paper: Mechanism, strategy and tactics for survival

mervyn at xs4all.nl mervyn at xs4all.nl
Sun Jul 27 05:23:35 EST 1997


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<b><font size=8>The Neural Servo Model</font><br>
<font size=5>Mechanism, Strategy and Tactics for Survival</font></b>
<font size=3>
<p>
<b>Abstract</b><br>
<p>
In this paper it is suggested that simple feedback control: 
a) is an effective means of increasing chances of survival for any organism
b) carries a hidden agenda for more complex systems and organisms.
An additional mechanism that exposes this hidden agenda
has been explored and tested in simulations, providing a neural network
with a generic strategy for survival in the real world.This additional mechanism is suggested to model our system of (mental) arousal. 
<p>
<b>Keywords:</b> arousal, EEG, neural network, servo control, survival</b>
<p>
<hr>
<p>
<b>Introduction: Learning computers?</b> 
<p>
If computers can learn, what do we need programmers for?
Well, computers can't learn, but what we <i>can</i> do, 
is design programs that can learn.
Designing such a program can be very similar to programming 
a computer game for a human player. This is because playing a game
is all about learning. Most games offer a world (that is to some degree
similar to the world we usually live in) and an agent, controlled by the player.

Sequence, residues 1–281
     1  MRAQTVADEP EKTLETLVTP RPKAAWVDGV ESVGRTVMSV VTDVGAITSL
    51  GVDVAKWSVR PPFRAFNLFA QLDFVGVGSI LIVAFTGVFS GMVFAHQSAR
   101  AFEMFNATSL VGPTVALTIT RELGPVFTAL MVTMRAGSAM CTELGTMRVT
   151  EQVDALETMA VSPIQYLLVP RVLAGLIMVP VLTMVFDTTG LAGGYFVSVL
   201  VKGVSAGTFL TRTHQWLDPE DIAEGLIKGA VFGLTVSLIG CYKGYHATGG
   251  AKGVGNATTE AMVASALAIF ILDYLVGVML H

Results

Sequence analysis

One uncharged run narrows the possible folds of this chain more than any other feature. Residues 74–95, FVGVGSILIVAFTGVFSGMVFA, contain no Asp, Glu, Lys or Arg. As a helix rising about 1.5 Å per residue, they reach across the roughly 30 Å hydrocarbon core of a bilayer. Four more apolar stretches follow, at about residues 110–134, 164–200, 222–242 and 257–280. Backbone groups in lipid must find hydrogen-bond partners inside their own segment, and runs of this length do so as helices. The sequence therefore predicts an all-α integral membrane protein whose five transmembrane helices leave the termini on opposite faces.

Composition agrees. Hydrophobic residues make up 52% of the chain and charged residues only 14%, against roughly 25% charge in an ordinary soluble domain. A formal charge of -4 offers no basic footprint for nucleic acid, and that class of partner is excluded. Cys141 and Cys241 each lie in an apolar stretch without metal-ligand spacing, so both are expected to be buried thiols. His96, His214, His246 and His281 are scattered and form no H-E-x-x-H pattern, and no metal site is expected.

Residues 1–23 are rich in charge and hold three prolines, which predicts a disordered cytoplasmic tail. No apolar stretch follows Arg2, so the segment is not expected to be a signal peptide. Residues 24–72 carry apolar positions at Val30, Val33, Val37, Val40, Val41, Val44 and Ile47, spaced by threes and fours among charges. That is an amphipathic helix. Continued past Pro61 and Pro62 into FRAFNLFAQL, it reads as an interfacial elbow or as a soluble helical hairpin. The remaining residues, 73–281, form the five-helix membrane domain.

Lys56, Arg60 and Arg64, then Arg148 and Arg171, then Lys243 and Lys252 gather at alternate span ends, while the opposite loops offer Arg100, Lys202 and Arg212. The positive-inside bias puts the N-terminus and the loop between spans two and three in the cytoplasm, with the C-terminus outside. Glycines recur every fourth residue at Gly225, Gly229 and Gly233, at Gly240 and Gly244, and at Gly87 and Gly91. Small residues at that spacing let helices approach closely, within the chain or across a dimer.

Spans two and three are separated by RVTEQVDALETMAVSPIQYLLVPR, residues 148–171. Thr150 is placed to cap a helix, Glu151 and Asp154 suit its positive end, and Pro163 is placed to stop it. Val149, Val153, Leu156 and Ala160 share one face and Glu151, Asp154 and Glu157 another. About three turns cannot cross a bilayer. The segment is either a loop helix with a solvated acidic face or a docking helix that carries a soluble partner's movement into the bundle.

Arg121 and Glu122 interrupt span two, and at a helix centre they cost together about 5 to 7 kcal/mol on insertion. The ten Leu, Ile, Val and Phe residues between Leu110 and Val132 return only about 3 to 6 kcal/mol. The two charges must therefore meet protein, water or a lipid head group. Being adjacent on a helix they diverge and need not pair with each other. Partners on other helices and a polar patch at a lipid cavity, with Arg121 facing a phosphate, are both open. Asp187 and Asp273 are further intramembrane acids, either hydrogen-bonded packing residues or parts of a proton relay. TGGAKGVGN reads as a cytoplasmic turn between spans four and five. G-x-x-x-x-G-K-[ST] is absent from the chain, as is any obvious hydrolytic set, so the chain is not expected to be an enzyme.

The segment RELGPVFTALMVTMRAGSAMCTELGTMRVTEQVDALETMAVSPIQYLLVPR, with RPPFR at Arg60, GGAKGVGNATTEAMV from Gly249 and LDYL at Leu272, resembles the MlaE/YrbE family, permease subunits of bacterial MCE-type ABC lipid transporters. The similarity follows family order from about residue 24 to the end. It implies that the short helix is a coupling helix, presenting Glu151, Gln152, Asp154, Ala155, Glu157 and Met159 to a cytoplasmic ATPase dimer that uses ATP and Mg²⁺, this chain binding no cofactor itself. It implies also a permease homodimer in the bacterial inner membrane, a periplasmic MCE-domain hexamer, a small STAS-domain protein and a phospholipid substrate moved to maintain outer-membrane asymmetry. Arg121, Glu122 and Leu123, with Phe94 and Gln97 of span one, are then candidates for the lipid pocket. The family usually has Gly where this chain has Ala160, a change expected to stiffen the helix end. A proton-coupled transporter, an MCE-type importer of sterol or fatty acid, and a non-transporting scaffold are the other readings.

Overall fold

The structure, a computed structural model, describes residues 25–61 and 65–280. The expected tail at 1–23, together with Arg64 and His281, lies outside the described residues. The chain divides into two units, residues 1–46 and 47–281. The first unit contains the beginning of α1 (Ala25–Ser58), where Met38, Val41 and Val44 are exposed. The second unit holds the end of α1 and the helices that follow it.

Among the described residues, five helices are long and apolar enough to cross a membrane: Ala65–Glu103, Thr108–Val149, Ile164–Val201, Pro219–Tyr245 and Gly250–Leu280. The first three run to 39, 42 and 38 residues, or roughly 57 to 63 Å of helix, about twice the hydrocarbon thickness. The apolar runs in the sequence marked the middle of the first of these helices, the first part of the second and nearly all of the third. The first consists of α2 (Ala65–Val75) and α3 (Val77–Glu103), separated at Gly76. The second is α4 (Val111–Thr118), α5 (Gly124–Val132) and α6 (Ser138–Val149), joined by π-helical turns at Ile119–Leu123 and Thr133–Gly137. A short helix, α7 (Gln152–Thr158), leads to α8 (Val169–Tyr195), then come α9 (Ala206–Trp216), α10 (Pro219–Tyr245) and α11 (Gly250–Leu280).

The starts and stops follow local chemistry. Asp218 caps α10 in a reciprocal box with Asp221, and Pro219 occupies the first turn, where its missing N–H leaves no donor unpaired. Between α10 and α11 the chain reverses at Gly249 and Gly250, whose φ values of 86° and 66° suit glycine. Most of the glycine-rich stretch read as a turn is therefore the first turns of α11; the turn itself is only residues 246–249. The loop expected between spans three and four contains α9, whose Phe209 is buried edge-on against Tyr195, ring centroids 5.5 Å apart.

The agent can have human appearance, but it can also be a helicopter
or a space ship.
<p>
Every game allows the agent a degree of control. For example, control over the
location of the agent. However, control is useless without knowledge.
Where should the agent go next? Which locations are dangerous?
To answer these questions the player has to acquire knowledge.
The act of exerting control is simple (moving the joystick), it is
exerting useful control that has to be learned.
<p>
Both people and computer programs can acquire useful control skills by means
of feedback. For most games, this feedback takes a very simple form.
An indication of how well you are playing is often simply the length of your 
game. This would be all the feedback needed to train a neural network as well.
<p>
A nice example of a neural network is a crossing with traffic lights and 
induction sensors. This is the kind of network that only gives a green light
when you move your car close enough to the traffic light. The knowledge
that this network represents is very limited. The most important rule
is that two crossing roads should not get a green light at the same time.
One solution would be that one traffic light dominates. This would